Everyone in town tries to employ their own coping methods. The priest at the church bangs out the theme from The Sting, while praying to god to forgive Mrs. Raven who’s gone buggy. Mall manager Gus Redman (Isiah Whitlock, Jr.) passes out toys and gets the creepy ass jock Jay (Luke Cosgrove) to start an athletic league in their mini-community. Who could say no to a high school star quarterback, the manager asks, completely ignoring the tension of the date-rape controversy.

Jay gets an instant reminder and, in a huff, throws a long pass. I gotta say though, the jock throws that ball with all his angry might and it only spirals about 20 feet. It lands right next to the very girl he date raped, who tosses it back easily, underhanded, with a twisted smile and more spin than he put on it. What is she doing on that side of the mall anyway? She left the fountain area to set up camp with her mother and the few last-minute shoppers who were getting a little fed up with the rules of mall security.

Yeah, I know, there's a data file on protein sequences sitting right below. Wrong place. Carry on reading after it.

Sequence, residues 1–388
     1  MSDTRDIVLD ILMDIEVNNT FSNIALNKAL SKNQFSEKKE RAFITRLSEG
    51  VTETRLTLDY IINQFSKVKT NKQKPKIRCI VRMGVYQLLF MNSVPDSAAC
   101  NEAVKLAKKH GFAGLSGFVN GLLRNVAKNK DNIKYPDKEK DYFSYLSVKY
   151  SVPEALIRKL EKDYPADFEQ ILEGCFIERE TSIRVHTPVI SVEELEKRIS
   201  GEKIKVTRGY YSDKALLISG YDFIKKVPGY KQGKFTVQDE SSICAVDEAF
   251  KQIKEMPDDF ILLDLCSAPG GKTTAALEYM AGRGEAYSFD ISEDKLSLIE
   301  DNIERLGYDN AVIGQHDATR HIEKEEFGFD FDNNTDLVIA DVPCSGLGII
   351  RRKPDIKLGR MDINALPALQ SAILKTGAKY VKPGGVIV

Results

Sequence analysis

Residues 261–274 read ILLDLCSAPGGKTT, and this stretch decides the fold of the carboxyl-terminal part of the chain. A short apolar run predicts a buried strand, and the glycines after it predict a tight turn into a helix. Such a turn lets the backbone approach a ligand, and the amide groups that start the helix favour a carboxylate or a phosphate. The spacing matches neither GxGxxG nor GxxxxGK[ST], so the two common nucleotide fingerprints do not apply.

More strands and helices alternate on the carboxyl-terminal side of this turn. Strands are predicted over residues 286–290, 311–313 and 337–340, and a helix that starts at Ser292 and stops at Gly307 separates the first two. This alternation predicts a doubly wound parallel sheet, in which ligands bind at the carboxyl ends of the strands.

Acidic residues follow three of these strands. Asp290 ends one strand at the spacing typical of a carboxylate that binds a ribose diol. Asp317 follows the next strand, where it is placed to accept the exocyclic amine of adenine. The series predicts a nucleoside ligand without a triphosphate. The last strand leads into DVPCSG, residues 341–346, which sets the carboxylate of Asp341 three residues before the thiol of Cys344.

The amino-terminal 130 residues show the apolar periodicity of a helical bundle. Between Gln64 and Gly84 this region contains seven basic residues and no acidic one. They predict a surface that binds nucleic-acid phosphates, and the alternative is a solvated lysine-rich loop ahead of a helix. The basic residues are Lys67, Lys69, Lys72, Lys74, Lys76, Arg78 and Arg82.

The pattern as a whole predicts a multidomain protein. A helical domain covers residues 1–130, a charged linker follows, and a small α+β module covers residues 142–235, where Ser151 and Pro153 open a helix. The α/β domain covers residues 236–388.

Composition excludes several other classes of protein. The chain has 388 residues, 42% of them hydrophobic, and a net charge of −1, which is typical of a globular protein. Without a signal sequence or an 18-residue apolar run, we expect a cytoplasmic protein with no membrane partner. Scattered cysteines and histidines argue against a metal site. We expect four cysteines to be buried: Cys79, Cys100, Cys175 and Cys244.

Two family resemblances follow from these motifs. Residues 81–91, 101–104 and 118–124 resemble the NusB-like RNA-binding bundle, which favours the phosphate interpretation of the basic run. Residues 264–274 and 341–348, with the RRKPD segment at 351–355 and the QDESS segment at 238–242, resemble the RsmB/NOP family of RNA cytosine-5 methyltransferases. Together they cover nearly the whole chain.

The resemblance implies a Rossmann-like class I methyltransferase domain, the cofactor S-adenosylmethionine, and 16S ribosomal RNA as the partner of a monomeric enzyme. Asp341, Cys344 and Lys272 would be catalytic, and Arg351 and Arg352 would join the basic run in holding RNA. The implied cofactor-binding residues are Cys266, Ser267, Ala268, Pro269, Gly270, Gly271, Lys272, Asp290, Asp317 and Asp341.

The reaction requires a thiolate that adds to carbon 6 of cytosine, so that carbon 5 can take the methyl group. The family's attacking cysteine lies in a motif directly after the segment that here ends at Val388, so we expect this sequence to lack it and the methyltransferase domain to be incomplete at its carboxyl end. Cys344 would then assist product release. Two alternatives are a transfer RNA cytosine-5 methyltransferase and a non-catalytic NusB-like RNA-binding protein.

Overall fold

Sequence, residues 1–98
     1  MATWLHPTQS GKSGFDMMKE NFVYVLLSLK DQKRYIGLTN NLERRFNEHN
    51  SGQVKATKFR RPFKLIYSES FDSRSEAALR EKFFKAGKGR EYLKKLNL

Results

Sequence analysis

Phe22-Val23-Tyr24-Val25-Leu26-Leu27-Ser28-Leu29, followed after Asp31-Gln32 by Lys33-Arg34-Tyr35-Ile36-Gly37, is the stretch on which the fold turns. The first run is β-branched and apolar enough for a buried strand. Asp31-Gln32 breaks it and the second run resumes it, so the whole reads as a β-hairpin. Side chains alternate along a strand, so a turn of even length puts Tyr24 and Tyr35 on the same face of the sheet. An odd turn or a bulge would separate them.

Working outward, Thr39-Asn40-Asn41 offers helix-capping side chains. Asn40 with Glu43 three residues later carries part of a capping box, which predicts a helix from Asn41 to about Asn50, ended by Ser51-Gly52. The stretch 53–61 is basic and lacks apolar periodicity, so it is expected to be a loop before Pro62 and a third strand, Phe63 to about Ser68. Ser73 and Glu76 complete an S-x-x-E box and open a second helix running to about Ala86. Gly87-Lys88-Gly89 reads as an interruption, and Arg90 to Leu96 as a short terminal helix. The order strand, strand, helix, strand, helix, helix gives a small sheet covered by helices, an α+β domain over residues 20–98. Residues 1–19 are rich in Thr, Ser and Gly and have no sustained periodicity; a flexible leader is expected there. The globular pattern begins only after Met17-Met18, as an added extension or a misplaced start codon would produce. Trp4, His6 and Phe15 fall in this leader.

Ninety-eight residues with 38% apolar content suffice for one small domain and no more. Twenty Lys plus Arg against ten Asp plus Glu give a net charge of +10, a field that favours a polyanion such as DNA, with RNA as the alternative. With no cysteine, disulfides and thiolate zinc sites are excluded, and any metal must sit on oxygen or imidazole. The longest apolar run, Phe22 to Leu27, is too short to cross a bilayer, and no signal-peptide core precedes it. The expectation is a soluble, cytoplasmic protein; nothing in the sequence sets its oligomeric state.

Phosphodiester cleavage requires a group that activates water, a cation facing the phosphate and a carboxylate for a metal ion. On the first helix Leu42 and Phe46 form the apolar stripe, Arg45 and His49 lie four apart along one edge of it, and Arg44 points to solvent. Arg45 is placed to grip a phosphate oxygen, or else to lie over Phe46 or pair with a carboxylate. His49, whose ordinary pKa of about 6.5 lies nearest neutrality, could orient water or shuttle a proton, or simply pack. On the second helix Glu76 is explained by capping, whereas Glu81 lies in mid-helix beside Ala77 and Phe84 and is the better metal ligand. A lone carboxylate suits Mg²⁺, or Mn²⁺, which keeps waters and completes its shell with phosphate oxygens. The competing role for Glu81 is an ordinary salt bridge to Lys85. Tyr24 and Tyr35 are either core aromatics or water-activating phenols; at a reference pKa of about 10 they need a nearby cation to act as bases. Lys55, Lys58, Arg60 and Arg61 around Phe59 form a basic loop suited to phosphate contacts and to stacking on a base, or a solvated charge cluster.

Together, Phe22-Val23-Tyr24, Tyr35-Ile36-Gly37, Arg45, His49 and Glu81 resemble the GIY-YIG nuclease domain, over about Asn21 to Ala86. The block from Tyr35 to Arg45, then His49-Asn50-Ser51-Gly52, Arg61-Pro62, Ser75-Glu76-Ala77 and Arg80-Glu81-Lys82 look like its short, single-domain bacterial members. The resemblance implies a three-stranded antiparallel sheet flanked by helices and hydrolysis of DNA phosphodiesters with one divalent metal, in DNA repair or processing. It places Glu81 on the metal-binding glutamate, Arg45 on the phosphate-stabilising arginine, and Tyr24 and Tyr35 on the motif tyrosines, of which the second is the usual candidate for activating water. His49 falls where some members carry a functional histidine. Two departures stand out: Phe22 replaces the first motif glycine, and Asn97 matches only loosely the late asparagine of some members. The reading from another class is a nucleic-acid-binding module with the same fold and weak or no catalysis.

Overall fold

Eve (Alyssa Sutherland) agrees, however, to the rent-a-mall-cop’s suggestion that anyone who endangers the group should be banished to the encroaching haze, a death sentence. One of the comic book guys gets killed, deal with it, venturing into the mist to retrieve a soldier’s body, and lets in the fog and the shadow people. It costs a life, two including the gamestopper who doesn’t come back. The mob votes, and The Mist sheers its first sacrificial lamb. This reminds me of the South Park episode “Cartman’s Mom Is Still a Dirty Slut,” part two, when all the adults get stuck on a reenactment set for America’s Most Wanted, after the electricity goes out. Mr. Garrison asks whether it’s too early to consider cannibalism, and someone points out they’ve only been without power for a half hour. But Garrison is hungry now and resistance is a mere appetizer.